Farm trials show HW benefits

Posted on July 3rd, 2015

Farmers across the county have been visiting Hybrid Wheat farm trial open days to learn more about the economic case for growing Hybrid Wheat on land that normally limits high yields.

Stanway Hall near Colchester is farmed by Robert Davidson & Son Ltd and has been managed by James Faulkner for the past 10 years. The farm extends to over 850 ha with a further 600 ha farmed under contract farming agreements. Rotations include milling wheat, OSR, peas, potatoes, maize, sugar beet and grass.

Soil types include heavy to medium clay as well as some very light land. Annual average rainfall is just 540 mm and the light land selected for the trial usually yields little more than 5 – 7 t/ha.

Last year James decided to try Hybrid Wheat to see whether the hybrid vigour and larger root system provided significant benefits on the lightest land. In the event, better than usual rainfall meant conditions were not typical but he was pleased with the result.

This year he has drilled trial plots of Hystar, Hyteck and Hybery plus varieties new the UK, Hylux and Hyguardo. The latter offers medium maturity and very high yield potential. It is also the first HW to display resistance to OWBM. A plot of Santiago in the same field provides a control.

By 11 June the conventional wheat was clearly under stress and James took the following photographs – the Hybrid Wheat is on the right:

By the time of the open day the differences were even more marked and James anticipates a substantial yield premium from the Hybrid plots.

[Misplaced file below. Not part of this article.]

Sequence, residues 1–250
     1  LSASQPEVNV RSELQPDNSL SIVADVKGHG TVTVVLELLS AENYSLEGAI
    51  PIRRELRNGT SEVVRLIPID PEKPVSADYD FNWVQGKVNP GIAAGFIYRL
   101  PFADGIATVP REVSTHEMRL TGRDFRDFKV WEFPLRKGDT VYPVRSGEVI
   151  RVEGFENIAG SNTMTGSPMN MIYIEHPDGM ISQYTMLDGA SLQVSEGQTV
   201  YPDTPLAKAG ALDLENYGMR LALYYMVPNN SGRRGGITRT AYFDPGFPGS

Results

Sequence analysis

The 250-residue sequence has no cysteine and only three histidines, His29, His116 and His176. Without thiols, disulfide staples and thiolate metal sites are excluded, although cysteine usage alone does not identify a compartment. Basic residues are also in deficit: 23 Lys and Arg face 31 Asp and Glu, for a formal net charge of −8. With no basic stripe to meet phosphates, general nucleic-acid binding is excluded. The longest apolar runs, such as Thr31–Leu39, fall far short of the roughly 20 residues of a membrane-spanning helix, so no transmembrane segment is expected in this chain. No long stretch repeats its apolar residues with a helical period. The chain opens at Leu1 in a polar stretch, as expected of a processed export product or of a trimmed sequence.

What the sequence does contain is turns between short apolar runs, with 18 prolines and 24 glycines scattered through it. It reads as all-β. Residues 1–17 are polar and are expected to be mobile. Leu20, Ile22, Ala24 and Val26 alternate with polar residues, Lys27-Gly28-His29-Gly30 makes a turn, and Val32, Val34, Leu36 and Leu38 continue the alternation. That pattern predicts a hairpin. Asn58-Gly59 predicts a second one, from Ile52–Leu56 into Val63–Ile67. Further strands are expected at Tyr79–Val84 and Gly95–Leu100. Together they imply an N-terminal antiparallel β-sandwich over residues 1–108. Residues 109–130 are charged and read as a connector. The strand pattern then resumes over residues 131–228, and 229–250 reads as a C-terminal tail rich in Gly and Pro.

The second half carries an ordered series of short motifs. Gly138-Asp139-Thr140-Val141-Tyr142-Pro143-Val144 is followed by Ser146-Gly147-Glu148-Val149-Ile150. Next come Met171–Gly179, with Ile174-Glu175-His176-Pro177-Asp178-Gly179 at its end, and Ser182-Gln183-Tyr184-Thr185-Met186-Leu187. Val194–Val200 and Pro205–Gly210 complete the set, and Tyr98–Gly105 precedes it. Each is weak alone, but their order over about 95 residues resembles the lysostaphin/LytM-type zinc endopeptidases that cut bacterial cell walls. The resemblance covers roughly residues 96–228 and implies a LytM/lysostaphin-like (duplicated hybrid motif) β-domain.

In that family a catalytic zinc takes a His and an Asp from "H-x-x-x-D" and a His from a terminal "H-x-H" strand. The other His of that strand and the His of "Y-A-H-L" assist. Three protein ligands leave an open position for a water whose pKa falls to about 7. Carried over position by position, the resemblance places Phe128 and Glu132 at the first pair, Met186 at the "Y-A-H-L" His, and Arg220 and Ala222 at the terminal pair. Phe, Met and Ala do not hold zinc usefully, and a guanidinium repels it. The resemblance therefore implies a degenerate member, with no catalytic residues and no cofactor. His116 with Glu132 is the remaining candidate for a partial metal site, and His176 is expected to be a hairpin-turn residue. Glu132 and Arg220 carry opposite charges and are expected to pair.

Exeter to the Yorkshire Wolds

R & P Farming Ltd is a family farming business of approximately 3000 acres around Exeter, including 2000 acres of arable. The rotation is based on winter wheat, OSR and oats but with much sand or sandy loam land yield potential is low and Hybrid Wheat is being trialled to see whether it can lift farm averages.

In West Suffolk Geo Gittus & Sons has a mix of cropping and enterprises. Group 4 feed wheat is grown with drilling up to early November after sugar beet, leaving land for spring cropping of barley or maize.

Hybrid Wheat is being tried for the first time to see whether there is an advantage in the  later drilling slot and perhaps drilling into December if conditions allow. Hybrid Wheat was drilled on 10 December following sugar beat, using a plough and combi-drill on medium to light land. JB Diego was drilled to provide a control.

The Stody Estate in Norfolk is largely a light land farm with very diverse cropping and extensive irrigation. Hybrid Wheat has been grown successfully on the farm in recent years and the trial field had sugar beet in 2014 and winter wheat in 2013.

Pridmore and Son is a family farming business of approximately 1500 acres near Oakham. The limestone brash is prone to dry out early, suppressing yield and five varieties of Hybrid Wheat including Hyteck (above) are being grown alongside Evolution in a field previously used to grow OSR.

Garton Field near Driffield is farmed by Simon Ullyott and comprises soft chalk brash at an altitude of 110m; very free draining and prone to drought. Simon finds the early harvest achieved with Hybrid Wheat is ideal for his rotation, enabling early establishment of OSR which is essential on this farm. The trial area of Hybrid Wheat is following spring beans.